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Does it bring joy?

These last two months have been a crazy season of sickness for our family. One illness after another keeps taking us down, and usually a few at a time. Things seemed to be looking up until a week ago. Andrew (4) came down with a cough. Then Matthew (6) spiked a fever. Next Chris and I were also fighting the boys’ colds. This round took all of us down at once! As you can imagine joy levels dropped. Grumpiness levels rose.

The boys have both been home from school at least a week. Then to top it off, Chris came down with the stomach flu last night. It feels like the perfect storm. And when is this happening? In mid-January when life slows down for the winter? No, right in the height of the Christmas preparation season! To make it even more stressful, this is also the birthday season in our house, with Chris and Andrew celebrating their big days next week.

Something you should know about me is I am a bit of a perfectionist. I try to cook healthy, homemade meals and snacks for my family. I also like to make a big deal of Christmas and birthdays. This season for me is filled with shopping, wrapping, party planning, hosting, baking and creating handmade gifts for all of my family. It is usually a stretch to include my long holiday To Do list on top of my already full life as a Mom, wife and director for the ministry, but add prolonged sickness and you have a recipe for STRESS. Even as I write this I feel the tension levels increase in my stomach and shoulders thinking about all the many things that are still yet undone.

This afternoon during a rare moment of quiet when all three of my sick guys were sleeping, I took a few moments to talk with Jesus about all that has been going on. I started by focusing on some things that I am thankful for and the ways I am grateful for Jesus’ care in our lives. Starting with some appreciation helps calm my restless thoughts and allow me to take some deep breaths. I asked Jesus what He wanted me to know during all this crazy sickness. A thought popped into my head that brought me peace “You can’t do it all and I don’t expect you to”. I felt the tension drain from my shoulders and stomach. The next thing that came to my mind is what my husband frequently asks me “does it increase joy levels?” I realized this needs to be the question I ask myself about every task before I add it to my To Do list. Baking multiple cakes from scratch and elaborately decorating them and the house to celebrate my special guy’s birthdays is a good thing to do, and something I am usually excited about. But in this season of sickness and reduced capacity, I know it will create additional stress and I am likely to start snapping at my husband and kids. While they would enjoy the results of a delicious, healthy and beautifully decorated cake, will it increase their joys levels if I get grumpy in the process? If ordering a cake frees up time for me to relax and be the emotionally present and joyful mother I desire to be, isn’t that better for my family than something I make from scratch? After all, the Christmas season is about celebrating the joy of Jesus’ birth. If all the things I do to make the season “perfect” actually steal the joy, is it really worth it? So what if this year we go out to dinner instead of making a special birthday meal at home? And if the neighbors receive a Christmas card without homemade goodies, is that the end of the world? I need to give myself grace. I need to adjust my expectations to my capacity given the current circumstances. Keeping joy levels high in our home is a priority, even if it means ordering take out. Or tonight, it means we are having cereal for dinner (and in Chris’ case, saltines and Sprite).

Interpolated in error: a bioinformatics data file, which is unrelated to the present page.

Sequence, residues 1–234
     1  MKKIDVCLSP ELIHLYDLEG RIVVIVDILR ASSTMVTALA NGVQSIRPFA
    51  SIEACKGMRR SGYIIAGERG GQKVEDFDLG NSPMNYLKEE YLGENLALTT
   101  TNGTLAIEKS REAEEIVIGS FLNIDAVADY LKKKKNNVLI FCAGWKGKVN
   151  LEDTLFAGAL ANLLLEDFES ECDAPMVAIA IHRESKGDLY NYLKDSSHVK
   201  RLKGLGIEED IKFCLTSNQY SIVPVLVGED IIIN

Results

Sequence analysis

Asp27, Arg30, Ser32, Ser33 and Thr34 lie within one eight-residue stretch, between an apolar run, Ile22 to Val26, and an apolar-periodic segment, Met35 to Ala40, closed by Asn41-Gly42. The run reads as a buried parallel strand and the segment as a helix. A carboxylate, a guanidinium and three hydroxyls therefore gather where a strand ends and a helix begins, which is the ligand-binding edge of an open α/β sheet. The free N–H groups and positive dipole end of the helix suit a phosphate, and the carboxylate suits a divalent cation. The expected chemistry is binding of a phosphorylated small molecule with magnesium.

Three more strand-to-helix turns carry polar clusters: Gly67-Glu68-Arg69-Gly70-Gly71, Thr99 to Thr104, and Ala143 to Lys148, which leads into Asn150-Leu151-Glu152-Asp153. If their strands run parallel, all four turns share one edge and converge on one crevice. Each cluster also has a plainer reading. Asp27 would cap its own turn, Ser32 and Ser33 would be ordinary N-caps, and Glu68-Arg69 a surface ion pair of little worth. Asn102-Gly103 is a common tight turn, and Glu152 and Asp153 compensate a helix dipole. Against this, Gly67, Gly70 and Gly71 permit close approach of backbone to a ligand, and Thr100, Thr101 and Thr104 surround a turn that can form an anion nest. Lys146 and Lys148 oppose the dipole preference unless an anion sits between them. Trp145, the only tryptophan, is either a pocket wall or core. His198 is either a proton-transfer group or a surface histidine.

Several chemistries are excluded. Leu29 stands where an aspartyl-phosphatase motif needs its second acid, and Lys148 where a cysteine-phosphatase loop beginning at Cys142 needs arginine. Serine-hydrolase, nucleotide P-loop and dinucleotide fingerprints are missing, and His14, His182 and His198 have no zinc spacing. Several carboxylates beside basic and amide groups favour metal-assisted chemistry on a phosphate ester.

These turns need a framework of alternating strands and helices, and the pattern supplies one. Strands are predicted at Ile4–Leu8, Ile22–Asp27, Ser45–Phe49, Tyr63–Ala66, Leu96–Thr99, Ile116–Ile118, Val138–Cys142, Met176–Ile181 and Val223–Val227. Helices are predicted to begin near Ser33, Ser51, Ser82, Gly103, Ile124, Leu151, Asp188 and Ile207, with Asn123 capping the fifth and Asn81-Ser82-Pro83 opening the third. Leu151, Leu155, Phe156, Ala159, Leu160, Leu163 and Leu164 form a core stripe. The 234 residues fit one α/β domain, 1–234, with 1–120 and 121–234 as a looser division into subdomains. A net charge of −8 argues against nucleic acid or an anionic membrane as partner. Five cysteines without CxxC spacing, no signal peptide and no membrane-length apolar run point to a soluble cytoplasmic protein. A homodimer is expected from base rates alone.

I encourage you to slow down and evaluate the things you add to your calendar and your To Do list this season with the question “does it bring joy?” and let the answer influence your decisions.